Turn of the TERNO

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PHOTO shows (from left) CCP vice president and artistic director Chris Millado, Ternocon chief mentor Inno Sotto, project director Gino Gonzales and Suyen Corporation chairman and chief executive officer Ben Chan.

Widely considered the Philippines’ national dress, the terno has the power to bring out the beauty and grace of its wearer and make her stand out. Over time, however, the dress was relegated to the past as other styles of gowns and dresses are more fancied.

Seeing the need to popularize the terno again, clothing brand Bench and the Cultural Center of the Philippines (CCP) organized Ternocon, a terno-making convention and contest for up-and-coming fashion designers across the country.

CREATIONS of Ternocon regional mentors: Len Cabili, JC Buendia and Cary Santiago.

Ternocon is set to culminate on 11 November at the CCP Main Theater with the announcement of winners as well as a fashion and cultural showcase. It will feature almost a hundred terno creations from its 30 finalists and their mentors; plus performances by local groups such as the Philippine Philharmonic Orchestra and the Philippine Madrigal Singers, along with other traditional artists.

The finalists, who were grouped according to region, underwent a three-day workshop and a series of consultations with some of the country’s top professional designers including JC Buendia for Luzon, Cary Santiago for the Visayas and Len Cabili for Mindanao. “Manila’s Fashion Prince,” renowned fashion designer Inno Sotto, served as the participants’ chief mentor.

LUZON mentor JC Buendia’s Balintawak terno creation.

Gino Gonzales, Ternocon project director, said that the mentors were assigned to the region where they belong to because they wanted the participants to “look up to people who speak their language and understood them.”

Seeing the designs the participants came up with, Sotto had nothing but praises.
“The Luzon designers are very confident. The Visayan designers have interesting things to show. But it was the designers from Mindanao who came up with very surprising works; they blew my mind!” he remarked.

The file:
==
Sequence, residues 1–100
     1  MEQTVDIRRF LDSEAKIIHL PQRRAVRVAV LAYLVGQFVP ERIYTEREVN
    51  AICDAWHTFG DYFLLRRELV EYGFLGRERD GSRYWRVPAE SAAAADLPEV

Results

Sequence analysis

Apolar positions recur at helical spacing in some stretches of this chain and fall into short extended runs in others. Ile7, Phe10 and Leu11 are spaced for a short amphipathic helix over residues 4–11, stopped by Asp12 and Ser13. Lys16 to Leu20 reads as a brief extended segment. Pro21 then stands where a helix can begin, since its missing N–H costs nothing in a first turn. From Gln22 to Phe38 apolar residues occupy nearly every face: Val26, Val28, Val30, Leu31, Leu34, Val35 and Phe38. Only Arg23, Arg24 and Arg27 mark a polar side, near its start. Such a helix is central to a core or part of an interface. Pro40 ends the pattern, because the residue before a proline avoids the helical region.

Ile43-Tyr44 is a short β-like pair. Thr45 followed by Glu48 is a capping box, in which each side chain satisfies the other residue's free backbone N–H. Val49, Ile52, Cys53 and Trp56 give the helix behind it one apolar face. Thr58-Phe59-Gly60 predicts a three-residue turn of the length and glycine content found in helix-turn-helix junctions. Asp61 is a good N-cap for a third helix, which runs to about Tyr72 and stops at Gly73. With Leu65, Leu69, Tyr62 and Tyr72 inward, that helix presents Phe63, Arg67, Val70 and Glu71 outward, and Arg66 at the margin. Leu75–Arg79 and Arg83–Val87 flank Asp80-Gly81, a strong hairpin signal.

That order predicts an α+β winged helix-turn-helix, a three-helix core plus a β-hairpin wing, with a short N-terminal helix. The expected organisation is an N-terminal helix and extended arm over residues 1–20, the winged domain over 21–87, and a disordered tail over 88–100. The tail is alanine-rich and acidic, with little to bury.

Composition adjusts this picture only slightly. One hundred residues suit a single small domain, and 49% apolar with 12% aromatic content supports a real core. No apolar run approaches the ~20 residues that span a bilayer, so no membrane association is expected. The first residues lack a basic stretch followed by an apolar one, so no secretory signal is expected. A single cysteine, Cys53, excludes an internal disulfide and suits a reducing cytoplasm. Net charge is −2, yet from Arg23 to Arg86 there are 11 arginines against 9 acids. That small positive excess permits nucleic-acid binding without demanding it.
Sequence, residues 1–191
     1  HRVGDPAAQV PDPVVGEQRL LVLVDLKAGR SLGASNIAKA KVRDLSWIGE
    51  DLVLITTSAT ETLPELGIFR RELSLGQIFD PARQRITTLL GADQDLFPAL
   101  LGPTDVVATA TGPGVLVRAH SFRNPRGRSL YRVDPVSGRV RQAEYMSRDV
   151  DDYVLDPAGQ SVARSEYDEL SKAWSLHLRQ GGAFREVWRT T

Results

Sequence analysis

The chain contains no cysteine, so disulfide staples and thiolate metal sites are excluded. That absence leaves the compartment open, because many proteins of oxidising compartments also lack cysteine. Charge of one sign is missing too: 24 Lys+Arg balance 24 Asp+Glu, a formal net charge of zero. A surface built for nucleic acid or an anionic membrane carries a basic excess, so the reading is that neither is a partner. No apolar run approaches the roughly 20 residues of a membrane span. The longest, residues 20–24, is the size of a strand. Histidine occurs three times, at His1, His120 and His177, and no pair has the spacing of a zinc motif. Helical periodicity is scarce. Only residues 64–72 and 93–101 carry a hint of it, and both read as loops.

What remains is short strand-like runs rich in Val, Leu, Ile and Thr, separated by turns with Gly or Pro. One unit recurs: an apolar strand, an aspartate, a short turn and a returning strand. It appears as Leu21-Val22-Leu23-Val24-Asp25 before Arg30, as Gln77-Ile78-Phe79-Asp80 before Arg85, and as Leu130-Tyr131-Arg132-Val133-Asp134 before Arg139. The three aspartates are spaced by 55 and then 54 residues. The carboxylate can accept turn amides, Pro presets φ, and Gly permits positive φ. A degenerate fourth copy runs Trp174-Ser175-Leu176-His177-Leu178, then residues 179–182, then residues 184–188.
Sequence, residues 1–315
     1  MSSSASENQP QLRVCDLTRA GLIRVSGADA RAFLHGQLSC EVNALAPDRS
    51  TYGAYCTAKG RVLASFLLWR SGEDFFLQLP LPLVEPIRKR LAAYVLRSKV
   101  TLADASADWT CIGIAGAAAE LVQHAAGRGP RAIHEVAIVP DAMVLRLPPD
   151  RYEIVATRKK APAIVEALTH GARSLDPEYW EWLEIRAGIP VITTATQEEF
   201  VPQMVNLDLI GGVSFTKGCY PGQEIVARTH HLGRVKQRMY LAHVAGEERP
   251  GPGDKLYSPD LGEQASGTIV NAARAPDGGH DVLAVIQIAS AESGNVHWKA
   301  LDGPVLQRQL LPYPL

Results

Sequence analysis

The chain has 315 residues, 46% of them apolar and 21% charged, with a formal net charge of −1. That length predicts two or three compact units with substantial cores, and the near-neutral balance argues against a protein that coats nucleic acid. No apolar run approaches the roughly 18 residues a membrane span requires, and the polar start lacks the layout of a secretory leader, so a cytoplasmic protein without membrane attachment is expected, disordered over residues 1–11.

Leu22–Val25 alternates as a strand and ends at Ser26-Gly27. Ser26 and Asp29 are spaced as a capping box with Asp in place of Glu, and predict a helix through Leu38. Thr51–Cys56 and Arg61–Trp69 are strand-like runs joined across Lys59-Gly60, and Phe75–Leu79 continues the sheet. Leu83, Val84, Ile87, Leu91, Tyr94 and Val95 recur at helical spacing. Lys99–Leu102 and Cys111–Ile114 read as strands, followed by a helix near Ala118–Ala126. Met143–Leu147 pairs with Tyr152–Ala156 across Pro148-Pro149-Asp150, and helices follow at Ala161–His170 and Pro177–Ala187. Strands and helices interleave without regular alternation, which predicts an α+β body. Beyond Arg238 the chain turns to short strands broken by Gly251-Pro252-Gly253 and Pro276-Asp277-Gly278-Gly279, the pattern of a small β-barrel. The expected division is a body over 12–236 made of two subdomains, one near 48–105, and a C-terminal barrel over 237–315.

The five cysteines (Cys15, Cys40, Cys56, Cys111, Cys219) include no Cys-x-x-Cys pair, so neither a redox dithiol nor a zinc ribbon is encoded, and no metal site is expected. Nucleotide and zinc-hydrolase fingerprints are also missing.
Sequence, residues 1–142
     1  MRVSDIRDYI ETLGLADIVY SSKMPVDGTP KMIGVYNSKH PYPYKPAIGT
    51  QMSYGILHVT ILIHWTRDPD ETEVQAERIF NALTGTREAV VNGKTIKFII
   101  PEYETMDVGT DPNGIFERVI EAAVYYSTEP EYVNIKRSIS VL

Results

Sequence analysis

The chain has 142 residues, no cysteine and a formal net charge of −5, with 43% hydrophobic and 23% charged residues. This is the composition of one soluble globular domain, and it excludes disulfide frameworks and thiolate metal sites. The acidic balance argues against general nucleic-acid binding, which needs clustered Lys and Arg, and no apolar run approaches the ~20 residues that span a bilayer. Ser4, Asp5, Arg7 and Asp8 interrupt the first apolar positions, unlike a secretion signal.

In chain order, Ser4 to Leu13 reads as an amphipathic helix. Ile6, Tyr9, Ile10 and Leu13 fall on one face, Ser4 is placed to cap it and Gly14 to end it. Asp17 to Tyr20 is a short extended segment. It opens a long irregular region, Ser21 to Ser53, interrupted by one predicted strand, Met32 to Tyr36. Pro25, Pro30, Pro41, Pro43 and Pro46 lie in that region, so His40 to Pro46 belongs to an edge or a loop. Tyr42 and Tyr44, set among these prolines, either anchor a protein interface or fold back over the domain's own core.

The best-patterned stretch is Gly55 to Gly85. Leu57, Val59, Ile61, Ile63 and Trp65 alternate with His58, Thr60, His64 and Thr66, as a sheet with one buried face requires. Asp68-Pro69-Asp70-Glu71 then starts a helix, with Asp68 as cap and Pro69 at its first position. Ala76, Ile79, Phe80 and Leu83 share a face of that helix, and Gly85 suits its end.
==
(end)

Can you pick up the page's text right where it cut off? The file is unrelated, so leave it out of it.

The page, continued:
CARY Santiago’s modern formal terno in sheer fabric.

“(Mindanao designers) have always been far away from us, and because of that, they have to make do with the resources that are available in their area. Their craftsmanship, the kind of embroideries they make, their use of colors are just unbelievable!” Sotto added.

The contest will select three winners each for the two categories: the Balintawak (terno with a shortened skirt) and the formal terno designs.

LEN Cabilli’s blue terno is embellished with mother-of-pearl details.

Tribute to the terno

The 30 finalists were carefully selected from last year’s Fashioning the Terno Mentorship Program. This was a project carried out by the same organizers who held workshops on the history and proper construction of the terno. It was held in July, August and December last year in the cities of Vigan, Bacolod and General Santos.

CCP’s vice president and artistic director Chris Millado believed that “a large amount of talent lies out there in the regions, untapped. We only need to provide them with a high-profile platform that will not only showcase their works but teach them the right techniques in designing our country’s national dress.”

In the meantime, Suyen Corporation’s chairman and chief executive officer Ben Chan said, “To honor the terno is to honor the women who wore it with dignity and pride.”

Furthermore, Chan explained that “wearing the terno is a personal experience that will surely deepen one’s love for the country. The same happens for the designer who chooses to study the craft of terno-making as well as its history.”

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